KNOWLEDGE PLATFORMS - ARNHEM CENTRAL STATION 1|  Ben van Berkel, ‘Navigating the Computational Turn’, Architectural Design, 83, (2013), 82 - 87, (p.83) 2|  Ben van Berkel, p.83 3|  Ben van Berkel, p.86 4|  Ben van Berkel, p.86 5|  Ben van Berkel, p.86

VOID: THREAD INSTALLATION

1|  Kokkugia, ‘Swarm Urbanism’, <http://www.kokkugia.com/ swarm-urbanism> [accessed 17 March 2016] 2|  Kokkugia, ‘AADRL Behavioural Production: Thread’, < http:// www.kokkugia.com/AADRL-aerial-robot-thread-construction> [accessed 17 March 2016] 3|  Kokkugia, ‘AADRL Behavioural Production: Thread’, < http:// www.kokkugia.com/AADRL-aerial-robot-thread-construction> [accessed 17 March 2016]

CONCLUSION AND LEARNING OUTCOMES

1|  Yehuda Kalay, ‘Introduction’, in Architecture’s New Media, ed. Yehuda Kalay (MIT Press, 2004) pp. 1 - 25 (p.3) 2|  Rivka Oxman and Robert Oxman, ‘Introduction: Vitruvius Digitalis’, in Theories of the Digital in Architecture ed. by Rivka Oxman and Robert Oxman (Routeledge, 2014) pp. 1 - 10 (p.3)


| CRITERIA DESIGN  |


Structure

HOLDING IT ALL TOGETHER FEATURES LATTICES AND GRIDS

Essentially structure is the supporting frame of a building, but as shown in these examples, it can be both functional and aesthetically pleasing. This field of research provides a lot of opportunities in terms of model making experimentation, as an integral part is ensure that it works in real life. There is a potential to push the limits of thickness of lattice structures in order to create something that looks as if it should not be possible.

22  RESEARCH FIELD|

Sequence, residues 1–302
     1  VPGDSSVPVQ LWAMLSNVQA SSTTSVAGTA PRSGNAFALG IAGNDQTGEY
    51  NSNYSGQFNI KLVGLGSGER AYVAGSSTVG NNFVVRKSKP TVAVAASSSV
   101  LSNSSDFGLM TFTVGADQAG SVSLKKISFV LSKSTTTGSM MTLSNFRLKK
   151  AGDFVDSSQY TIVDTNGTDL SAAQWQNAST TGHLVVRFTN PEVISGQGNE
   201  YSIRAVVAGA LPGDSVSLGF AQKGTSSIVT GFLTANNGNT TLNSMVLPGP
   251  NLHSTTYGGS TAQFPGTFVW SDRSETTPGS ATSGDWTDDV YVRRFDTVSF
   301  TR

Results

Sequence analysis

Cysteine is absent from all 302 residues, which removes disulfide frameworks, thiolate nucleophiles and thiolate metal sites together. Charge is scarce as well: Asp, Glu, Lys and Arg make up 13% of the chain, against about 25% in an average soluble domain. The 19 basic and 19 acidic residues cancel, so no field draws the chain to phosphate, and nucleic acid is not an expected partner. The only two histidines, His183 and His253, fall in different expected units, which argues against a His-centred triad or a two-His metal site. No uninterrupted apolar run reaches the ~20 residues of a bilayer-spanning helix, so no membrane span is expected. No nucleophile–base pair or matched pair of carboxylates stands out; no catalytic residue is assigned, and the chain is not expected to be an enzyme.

1| TOP LEFT FOSTER AND PARTNERS, GREAT COURT AT THE BRITISH MUSEUM, PHOTOGRAPH, < HTTP://WWW.FOSTERANDPARTNERS.COM/PROJECTS/GREAT-COURT-AT-THE-BRITISH-MUSEUM/> [ACCESSED 28 MARCH 2016]  2| TOP RIGHT JULIA JUNGFER, NATIONAL OLYMPIC STADIUM BEIJING, PHOTOGRAPH, [HTTP://WWW.FBBVA.ES/TLFU/TLFU/MICROS/ING/ATLAS/ASIAPACIFICO/GALERIA.JSP> [ACCESSED 28 MARCH 2016]  3| BOTTOM LEFT HIROYUKI HIRAI, JAPAN PAVILION, PHOTOGRAPH, < HTTP://WWW.ARCHDAILY.COM/608506/12-THINGS-YOU-DIDN-T-KNOW-ABOUT-PRITZKER-LAUREATE-FREI-OTTO/55008DB8E58ECE81290000E5-1-JPG > [ACCESSED 28 MARCH 2016]  4| BOTTOM RIGHT METROPOL PARASOL, PHOTOGRAPH, < HTTP://WWW.DEZEEN.COM/2011/04/26/METROPOL-PARASOL-BY-J-MAYER-H/> [ACCESSED 28 MARCH 2016]


The Morning Line

A “RUIN FROM THE FUTURE... WITH NO SINGLE BEGINNING OR END”1 ARCHITECTS ARANDA/LASCH

Born as a collaboration with Arup and artist Matthew Ritchie, The Morning Line was destined to involve algorithmic thinking in achieving non-linear geometric patterning2. The structure consists of modules that are interchangeable, allowing adaption of the overall geometry at different locations3, creating new experiences. The building block is a fractal tetrahedron, “the simplest and most rigid solid in nature”4, which is scaled and manipulated to form the structure. The basic nature of the piece is a patterned solid which creates a specific transparent feel.

Given the initial precedents under the Structure field of research did not provide a starting base, The Morning Line will offer a basis to manipulate using the Grasshopper Lunchbox plug-in. Aranda/Lasch’s project relates well to the projects researched in Part A: Conceptualisation, with its connections to Biomimicry. The geometry is lattice-like; creating a pattern from solid strips and adjacent voids, capturing interest in itself. The Morning Line contributes to development of a concept in multiple ways; as a base to apply the field of structure to, as a connection to previous area of interest - Biomimicry, and as a distinctly structural project in its own right.

ABOVE|  ARANDALASCH, THE MORNING LINE IN INSTANBUL, PHOTOGRAPH, < HTTP://ARANDALASCH.COM/WORKS/THE-MORNING-LINE/> [ACCESSED 30 MARCH 2016]